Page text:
It’s a cut-throat competition in today’s business world. And making your product stand out in a highly competitive market is very tough for a business. You got to have a product that gets the liking of both the classes and the masses. Some companies score high in this parameter. Some don’t. So, for those who don’t have a sizeable audience base can use the option of collaborating with fellow companies to garner a bigger audience size and larger profit.
Companies teaming up and collaborating with another company for a commercial project or social campaign can effectively double the brand exposure and reap dividends for both businesses.
Successful brand collaboration depends on both brands being able to benefit from the existing market of the other, or from gaps in the market that can be filled, through a collaborative relationship that competitors will find hard to replicate. Think Nike and Apple.
Here are some instances when the big organizations came together and collaborated on a product/ service:
Starbucks & Spotify: Starbucks scaled up a premium coffee shop experience into a massive global brand, using music to create an ambience around its coffee. Spotify, a music streaming platform, has powered almost 25 billion hours of listening around the world. Starbucks and Spotify forged an innovative co-branding partnership to build a “music ecosystem”, offering artists greater access to Starbucks consumers and giving Starbuck access to Spotify’s expansive discography. Through the initiative, Starbucks employees get a Spotify premium subscription, with which they can curate playlists (that patrons can access through the Starbucks Mobile App) to play throughout the day in the shop. This music ecosystem is designed to expand the coffeehouse environment that Starbucks is known for while giving artists greater exposure to Starbucks customers.
Apple & MasterCard: Sometimes, co-branding partnerships aren’t just cool projects between two companies — they actually have practical value when the companies work together. When Apple released the Apple Pay app, the brand effectively changed how people perform transactions. This app allows people to store their credit or debit card data on their phone, so they can use them without physically having the card with them. But in order for this app to succeed, it needs credit card companies to integrate with this technology. By the same token, credit card companies also face more competition themselves if they aren’t compatible with the latest consumer purchasing tool. MasterCard became the first credit card company to allow its users to store their credit and debit cards on Apple Pay. MasterCard not only showed support of a major consumer tech developer in this partnership — it evolved along with its own customers in how they choose to make purchases at the counter.
Uber & Spotify: Music-streaming app Spotify partnered with ride-hailing app Uber to create “a soundtrack for your ride.” This is a great example of a co-branding partnership between two very different products with very similar goals — to earn more users. Here’s how it works: When riders are waiting for an Uber ride, they’re prompted to connect with Spotify and become the DJ of their trip. Users can choose from their own playlists to determine what they’ll listen to. A good move to retain its target audience.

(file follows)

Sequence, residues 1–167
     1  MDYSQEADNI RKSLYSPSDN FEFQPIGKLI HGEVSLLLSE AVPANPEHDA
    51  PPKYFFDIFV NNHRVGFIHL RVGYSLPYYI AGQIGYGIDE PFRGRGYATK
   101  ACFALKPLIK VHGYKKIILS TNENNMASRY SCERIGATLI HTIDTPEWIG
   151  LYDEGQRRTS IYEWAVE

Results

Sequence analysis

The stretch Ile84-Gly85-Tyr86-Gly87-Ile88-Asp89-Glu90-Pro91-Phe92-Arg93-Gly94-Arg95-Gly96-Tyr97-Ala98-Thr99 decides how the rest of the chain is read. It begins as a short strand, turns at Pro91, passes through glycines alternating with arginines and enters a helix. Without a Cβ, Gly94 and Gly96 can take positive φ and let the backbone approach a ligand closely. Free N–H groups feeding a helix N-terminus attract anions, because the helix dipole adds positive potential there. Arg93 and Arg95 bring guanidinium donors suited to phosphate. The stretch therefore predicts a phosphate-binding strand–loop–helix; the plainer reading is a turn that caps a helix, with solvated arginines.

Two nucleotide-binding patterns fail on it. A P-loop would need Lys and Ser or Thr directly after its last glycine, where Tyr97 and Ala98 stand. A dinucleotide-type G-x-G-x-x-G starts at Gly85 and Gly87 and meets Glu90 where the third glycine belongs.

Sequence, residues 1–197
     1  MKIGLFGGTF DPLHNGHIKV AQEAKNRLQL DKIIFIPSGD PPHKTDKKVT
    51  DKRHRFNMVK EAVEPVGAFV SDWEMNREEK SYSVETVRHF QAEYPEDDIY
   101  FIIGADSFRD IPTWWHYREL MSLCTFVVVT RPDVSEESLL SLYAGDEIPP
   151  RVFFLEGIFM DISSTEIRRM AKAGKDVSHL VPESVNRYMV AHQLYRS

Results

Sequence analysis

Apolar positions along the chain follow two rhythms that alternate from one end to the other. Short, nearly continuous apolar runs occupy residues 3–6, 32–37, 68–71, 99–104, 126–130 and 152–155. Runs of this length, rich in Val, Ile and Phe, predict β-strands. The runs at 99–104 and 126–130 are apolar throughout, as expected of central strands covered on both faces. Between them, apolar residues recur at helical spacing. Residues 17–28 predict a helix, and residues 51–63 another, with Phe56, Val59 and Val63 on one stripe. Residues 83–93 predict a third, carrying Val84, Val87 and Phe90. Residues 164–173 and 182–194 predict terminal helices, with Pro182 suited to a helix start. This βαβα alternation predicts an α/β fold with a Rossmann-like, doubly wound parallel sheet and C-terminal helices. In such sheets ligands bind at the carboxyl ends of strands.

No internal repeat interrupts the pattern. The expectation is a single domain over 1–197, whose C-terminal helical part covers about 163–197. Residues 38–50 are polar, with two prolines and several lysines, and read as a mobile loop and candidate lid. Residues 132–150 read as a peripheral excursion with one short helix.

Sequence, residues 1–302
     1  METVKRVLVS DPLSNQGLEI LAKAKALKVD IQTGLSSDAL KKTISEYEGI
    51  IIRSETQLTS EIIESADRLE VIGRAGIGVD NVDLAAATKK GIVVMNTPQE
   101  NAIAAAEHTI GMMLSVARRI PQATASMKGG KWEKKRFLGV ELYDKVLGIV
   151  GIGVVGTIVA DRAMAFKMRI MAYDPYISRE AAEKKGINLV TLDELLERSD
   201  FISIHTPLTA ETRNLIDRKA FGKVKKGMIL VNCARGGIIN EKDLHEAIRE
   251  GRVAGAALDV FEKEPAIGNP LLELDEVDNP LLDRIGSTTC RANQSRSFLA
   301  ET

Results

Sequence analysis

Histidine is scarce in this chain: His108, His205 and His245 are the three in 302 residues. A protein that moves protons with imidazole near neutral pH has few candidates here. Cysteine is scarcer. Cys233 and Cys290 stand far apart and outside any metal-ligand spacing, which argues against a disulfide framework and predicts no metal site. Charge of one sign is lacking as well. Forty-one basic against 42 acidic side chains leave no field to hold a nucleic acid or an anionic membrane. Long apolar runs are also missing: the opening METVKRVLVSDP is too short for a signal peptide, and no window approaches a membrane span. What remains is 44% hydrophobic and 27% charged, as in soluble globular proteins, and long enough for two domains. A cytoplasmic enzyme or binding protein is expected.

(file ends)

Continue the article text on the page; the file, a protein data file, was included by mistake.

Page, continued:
Let’s take a break here. There are hundreds of companies that collaborate on a product/ service. But does anybody here know what the motive is behind the move? What are the reasons behind the decision of an alliance taken by the bigwig’s sittings behind these corporations? Here’s the answer.
When two brands come together with an objective of brand collaboration, the main objective is to share the expertise and offer the unique and innovative product to the customers that will help them gain the competitive edge and advantage in the market increasing the market share by manifolds. Both the brands that are coming together enjoy a huge base of customers and followers who are loyal to the brand and its various offerings.
Let’s continue with the blockbuster collaborations that yielded some great profits to the companies.
Apple & YouTube: Since its inception, Apple’s event is exclusive only to its user base (users with Apple devices). But for the first time, Apple streamed its #iPhone11 event on YouTube, making it accessible to users across the globe. Previously, Apple has always live-streamed its launches via the Keynote app on Apple devices. Last year, Apple made an exception for the first time when it broadcasted its iPhone XS launch live on Twitter. Apple usually uploads its launch event shows on its YouTube channels after the broadcast is over. But this is for the first time there will be a live broadcast on YouTube.
Domino’s & Tinder: In 2014, Domino’s matched with Tinder on what is surely a popular day for both parties: February 14th. Tinder grabbed a slice of the action by allowing users to swipe right on a range of special deals and freebies offered in pizza-form. Domino’s promoted the deal on various social media channels through a series of ‘cheesy’ one-liners. Both brands delivered value to a sector of customers that are usually alienated on Valentine’s Day: single people. The results could be measured by interaction and reached some 230,000 users.
As discussed earlier, in today’s dynamic markets and the ever-changing business scenarios, it is very important for the brands to survive and thrive in the market retaining the loyal customers by offering the products that are unique and innovative amidst the tough competition. And the business strategy of Brand Collaboration is one of the best and go-to tool today.